The latest developments in genomics and artificial intelligence can also revolutionize diagnostics. As the cost of genome sequencing is rapidly declining, it seems it can pave the way for precision medicine and DNA-based diagnostics. At the same time, smart algorithms and deep learning can become a significant player for example in radiology. It can help detect diseases on medical images, solve complex issues or supervise diagnostic processes.

High-tech therapy & follow-up

Robotics, 3D printing, telemedicine, artificial intelligence, nanotechnology and many more amazing innovations will support the fast and painless therapy and recovery of patients. Surgical robots and nanobots able to swim in bodily fluids will allow for minimally invasive procedures. 3D printing will have a role in replacing the traditional plaster cast or providing biomaterials such as artificial skin for burn patients. Tech giants, such as IBM, Google, or Microsoft are building artificial intelligence solutions to design personalized treatments for any cancer type or patient faster than any traditional healthcare service.

In the future, external skeleton-like devices will support and protect the human body from the outside. They let paralyzed people walk again, and help the rehabilitation of stroke or spinal cord injury patients. It is mind-blowing what these technologies are capable of today, imagine their potential for the future!

The Future of Medicine

Outcome & cyber-consequences

As a consequence of digital technologies, patients will spend less time in hospitals, but they will be constantly wired through health sensors or wearables measuring vital signs. Moreover, hospitals will cease to exist in their current form, they might be reduced to emergency rooms, while recoveries will take place at home – through telemedicine, virtual and augmented reality services and with the help of humanoid robots.

And perhaps the age of recreational cyborgs is also upon us! There are already famous examples of real-life cyborgs; and the ‘cyborg-craze’ might eventually start with a new generation of hipsters who implant devices and technologies in their bodies just to look cooler. Advances in future medical technology will not just repair physical disadvantages such as impaired eyesight but will create superhuman powers from having the eyesight of an eagle to having the hearing of a bat. In the future, I expect to see more cases when patients ask for the implantation of a certain device without having medical problems.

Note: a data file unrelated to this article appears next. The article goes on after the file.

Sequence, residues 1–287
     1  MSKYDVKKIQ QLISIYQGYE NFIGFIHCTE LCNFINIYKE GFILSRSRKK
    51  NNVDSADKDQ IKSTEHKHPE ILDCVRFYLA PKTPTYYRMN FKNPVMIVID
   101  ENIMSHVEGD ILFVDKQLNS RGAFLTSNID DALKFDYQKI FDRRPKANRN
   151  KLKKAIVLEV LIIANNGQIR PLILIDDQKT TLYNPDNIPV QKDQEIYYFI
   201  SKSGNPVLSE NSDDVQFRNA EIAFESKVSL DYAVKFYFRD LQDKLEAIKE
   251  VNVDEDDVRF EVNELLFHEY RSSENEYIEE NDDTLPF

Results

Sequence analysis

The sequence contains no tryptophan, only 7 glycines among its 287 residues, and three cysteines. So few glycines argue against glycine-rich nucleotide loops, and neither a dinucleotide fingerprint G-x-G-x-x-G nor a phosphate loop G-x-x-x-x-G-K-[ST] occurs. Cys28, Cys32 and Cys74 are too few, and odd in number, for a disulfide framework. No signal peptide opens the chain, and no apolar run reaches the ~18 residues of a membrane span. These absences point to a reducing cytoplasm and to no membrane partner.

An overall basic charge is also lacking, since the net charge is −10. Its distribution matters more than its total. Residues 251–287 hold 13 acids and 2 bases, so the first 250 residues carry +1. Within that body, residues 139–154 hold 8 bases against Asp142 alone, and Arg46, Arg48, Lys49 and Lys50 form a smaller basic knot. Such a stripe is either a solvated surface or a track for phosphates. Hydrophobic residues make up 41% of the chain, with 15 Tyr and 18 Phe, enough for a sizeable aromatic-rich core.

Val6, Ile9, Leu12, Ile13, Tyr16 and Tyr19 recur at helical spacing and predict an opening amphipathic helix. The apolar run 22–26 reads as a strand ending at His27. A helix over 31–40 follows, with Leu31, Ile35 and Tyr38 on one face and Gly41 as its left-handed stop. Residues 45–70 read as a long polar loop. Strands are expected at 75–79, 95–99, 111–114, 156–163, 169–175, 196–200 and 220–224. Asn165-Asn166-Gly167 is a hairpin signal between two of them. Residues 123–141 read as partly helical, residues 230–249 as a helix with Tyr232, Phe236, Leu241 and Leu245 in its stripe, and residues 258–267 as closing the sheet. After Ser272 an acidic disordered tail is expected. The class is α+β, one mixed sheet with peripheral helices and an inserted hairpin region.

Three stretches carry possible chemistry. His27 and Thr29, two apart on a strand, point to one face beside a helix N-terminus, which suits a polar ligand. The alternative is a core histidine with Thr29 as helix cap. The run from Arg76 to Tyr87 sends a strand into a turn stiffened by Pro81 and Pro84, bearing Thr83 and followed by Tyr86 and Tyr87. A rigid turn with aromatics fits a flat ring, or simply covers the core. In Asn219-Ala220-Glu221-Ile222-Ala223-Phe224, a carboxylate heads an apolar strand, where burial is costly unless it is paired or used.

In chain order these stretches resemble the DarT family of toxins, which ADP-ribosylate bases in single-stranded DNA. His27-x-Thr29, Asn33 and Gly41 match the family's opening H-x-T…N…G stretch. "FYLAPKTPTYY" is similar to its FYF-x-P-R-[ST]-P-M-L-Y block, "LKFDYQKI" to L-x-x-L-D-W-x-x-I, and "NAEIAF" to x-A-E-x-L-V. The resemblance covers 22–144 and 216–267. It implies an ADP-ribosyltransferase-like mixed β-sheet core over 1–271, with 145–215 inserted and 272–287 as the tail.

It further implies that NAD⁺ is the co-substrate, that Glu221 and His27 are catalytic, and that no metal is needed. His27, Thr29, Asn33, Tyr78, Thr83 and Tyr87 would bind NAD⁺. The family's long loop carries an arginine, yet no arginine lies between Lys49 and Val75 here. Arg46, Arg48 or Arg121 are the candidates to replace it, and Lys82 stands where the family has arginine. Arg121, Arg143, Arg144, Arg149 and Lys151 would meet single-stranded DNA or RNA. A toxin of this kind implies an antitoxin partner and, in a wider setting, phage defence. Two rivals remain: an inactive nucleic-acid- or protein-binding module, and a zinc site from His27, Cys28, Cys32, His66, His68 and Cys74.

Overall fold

Neil Harbisson - Top Cyborgs
Color-blind artist, Neil Harbisson, wears an antenna that allows him to “hear” color through vibrations in his skull.

Technology should not exclude but reinforce the human touch in healthcare

Beyond introducing the latest trends and future directions in medicine and healthcare, my mission with the updated book is to prove that the relation between the human touch in medicine and using disruptive innovations is mutual. Technology might help reduce the administrative burdens of medical professionals, spare monotonous and repetitive tasks or save time by speeding up lengthy organizational and other processes. Yet, it can and should not replace patient-doctor conversations, counseling, and, basically, quality time of care.

By losing the quintessence of practicing medicine, the real-life doctor-patient relationship, we would lose everything. Although without implementing innovative technologies, it is becoming more and more complicated (if not impossible) to provide proper care. Thus, in my book, I came up with a combination of adopting futuristic technologies while maintaining the core of medicine: caring.

Check out the analyses, real-life stories, interviews and technological examples in The Guide to the Future of Medicine!